particularly at licensing rounds. In the country's seventh licensing round in 2008, only 4 of
the available 16 blocks were awarded, 3 out of 8 in 2009, and 2 out of 10 in 2011. Some
analysts believe that the lack of fiscal incentives to attract foreign investors to new projects,
coupled with past Sonatrach corruption allegations, were to blame. Algeria's precarious
security environment has also been a concern for investors.
Militant groups operating in North Africa and the Sahel have presented security risks to oiland gas installations in the region. In January 2013, a militant group stormed Algeria's InAmenas gas facility, resulting in several causalities and a temporary suspension of gasproduction.
Concerns over Algeria's security environment resurfaced on January 16, 2013 when a
militant group attacked the In Amenas gas facility, resulting in over 60 worker and militant
causalities. The attack reportedly damaged two of the facility's three processing trains, of
which each has the capacity to process 3 billion cubic meters per year (bcm/y). Output at In
Amenas was partially restarted at the end of February 2013 at one of the three trains. The
Algerian government claims that production losses from In Amenas were offset by
increases in production at other gas fields.
The In Amenas gas processing facility is jointly operated by Sonatrach, BP, and Statoil and
is located near the Libyan border. In 2011 and 2012, In Amenas output averaged 7.8 bcm/y
of natural gas, accounting for 10 percent of Algeria's total natural gas production, according
The In Amenas gas facility in Algeria
to the Middle East Economic Survey (MEES). Natural gas liquids (NGL) are also produced at
the In Amenas fields and averaged 43,400 barrels per day (bbl/d) in 2012, although
nameplate capacity is around 60,000 bbl/d.
The In Amenas attack has prompted companies to review their security at oil and gas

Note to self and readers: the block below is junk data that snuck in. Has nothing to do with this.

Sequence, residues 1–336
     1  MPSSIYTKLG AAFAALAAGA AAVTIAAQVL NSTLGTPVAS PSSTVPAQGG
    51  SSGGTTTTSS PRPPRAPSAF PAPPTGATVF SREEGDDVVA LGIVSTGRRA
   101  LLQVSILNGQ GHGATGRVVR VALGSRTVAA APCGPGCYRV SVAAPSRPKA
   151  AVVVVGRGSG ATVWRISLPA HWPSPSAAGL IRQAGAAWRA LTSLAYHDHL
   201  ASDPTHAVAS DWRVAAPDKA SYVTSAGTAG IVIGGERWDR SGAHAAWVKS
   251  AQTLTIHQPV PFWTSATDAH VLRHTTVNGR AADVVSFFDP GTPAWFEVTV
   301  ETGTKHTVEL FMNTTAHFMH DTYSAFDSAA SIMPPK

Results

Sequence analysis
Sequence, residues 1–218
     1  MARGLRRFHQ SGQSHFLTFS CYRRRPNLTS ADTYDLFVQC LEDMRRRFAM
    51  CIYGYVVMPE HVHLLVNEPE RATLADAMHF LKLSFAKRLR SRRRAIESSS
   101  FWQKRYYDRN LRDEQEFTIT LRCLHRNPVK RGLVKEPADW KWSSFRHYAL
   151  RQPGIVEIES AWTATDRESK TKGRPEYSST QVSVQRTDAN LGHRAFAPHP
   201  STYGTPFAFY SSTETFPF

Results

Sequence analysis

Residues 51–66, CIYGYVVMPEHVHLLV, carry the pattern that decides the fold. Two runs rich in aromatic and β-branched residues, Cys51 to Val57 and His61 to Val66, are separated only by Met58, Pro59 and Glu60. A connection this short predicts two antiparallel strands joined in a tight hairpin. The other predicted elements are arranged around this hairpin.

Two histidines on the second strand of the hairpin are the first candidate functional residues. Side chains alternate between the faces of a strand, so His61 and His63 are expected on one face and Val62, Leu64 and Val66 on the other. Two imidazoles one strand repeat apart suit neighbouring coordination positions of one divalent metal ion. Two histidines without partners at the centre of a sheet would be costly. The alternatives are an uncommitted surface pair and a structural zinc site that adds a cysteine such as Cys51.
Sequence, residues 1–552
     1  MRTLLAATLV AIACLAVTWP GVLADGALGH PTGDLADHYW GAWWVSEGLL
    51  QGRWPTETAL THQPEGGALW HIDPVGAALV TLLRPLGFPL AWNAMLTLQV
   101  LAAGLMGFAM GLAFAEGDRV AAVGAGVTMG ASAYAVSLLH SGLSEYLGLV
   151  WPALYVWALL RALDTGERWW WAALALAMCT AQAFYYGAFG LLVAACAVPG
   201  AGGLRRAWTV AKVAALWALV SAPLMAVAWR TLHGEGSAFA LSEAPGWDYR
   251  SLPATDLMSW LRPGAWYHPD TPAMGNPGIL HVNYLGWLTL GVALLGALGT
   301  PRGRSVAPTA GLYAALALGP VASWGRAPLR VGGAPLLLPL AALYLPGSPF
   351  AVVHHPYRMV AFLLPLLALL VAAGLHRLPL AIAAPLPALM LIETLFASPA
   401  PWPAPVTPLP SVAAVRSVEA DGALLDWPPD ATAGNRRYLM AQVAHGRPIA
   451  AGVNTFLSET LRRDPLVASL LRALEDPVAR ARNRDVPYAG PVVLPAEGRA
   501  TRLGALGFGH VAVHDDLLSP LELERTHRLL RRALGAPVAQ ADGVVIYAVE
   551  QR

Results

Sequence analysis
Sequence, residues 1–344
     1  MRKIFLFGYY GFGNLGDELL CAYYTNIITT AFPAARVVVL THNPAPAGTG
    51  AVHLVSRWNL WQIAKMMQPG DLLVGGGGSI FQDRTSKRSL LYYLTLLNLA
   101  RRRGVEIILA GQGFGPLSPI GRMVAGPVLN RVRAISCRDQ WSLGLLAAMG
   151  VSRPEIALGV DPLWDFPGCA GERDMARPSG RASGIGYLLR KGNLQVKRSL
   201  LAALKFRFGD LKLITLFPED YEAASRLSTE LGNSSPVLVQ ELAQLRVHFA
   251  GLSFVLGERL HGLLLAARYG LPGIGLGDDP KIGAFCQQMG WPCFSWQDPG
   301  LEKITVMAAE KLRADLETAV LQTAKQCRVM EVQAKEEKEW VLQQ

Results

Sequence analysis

installations in Algeria and other North African countries. The Algerian government said it
will increase security presence at all of its oil and gas facilities, particularly those in the
OilAlgeria had 12.2 billion barrels of proven oil reserves, as of January 1, 2013. All of theproven oil reserves are held onshore, since there has been limited offshore exploration. Thegovernment recently approved amendments to Algeria's hydrocarbon law that included fiscalincentives for foreign companies to invest in untapped exploration areas, particularlyoffshore and in areas believed to contain unconventional resources.
According to the Oil & Gas Journal (OGJ), Algeria held an estimated 12.2 billion barrels of
proven oil reserves, as of January 1, 2013, the third largest reserves in Africa (behind Libya
and Nigeria). All of the country's proven oil reserves are held onshore, because there has
been limited offshore exploration. The majority of proven oil reserves are in the Hassi
Messaoud province, which contains the country's largest oil field, Hassi Messaoud, located
in the eastern part of the country, near the Libyan border.
According to Sonatrach, about 66 percent of Algerian territory remains unexplored or largely
underexplored. Most of these areas are in the north and offshore. Over the last few years,
Sonatrach has directed exploration efforts toward those areas, and the Algerian government
recently passed amendments to its current hydrocarbon law, which included fiscal
incentives to entice foreign companies to explore those areas. Along with underexplored
areas, there is still potential to expand field production in areas that have already been
exploited, particularly in the Hassi Messaoud, Illizi, and Berkin basins. According to
Sonatrach, the Hassi Messaoud-Dahar province contains about 71 percent of the country's
combined proven, probable, and possible oil reserves, while the Illizi basin, the second
largest area, contains about 15 percent. The Illizi and Berkine basins have been home to
many discoveries since the 1990s and still hold significant potential.
Production and development
The country produced 1.87 million bbl/d of total petroleum liquids in 2012, which includescrude oil, condensate, natural gas liquids, and refinery processing gain. The three largest oilfields, Hassi Messaoud, Ourhoud, and Hassi Berkine, contribute to about half of total crudeoil production, which averaged 1.2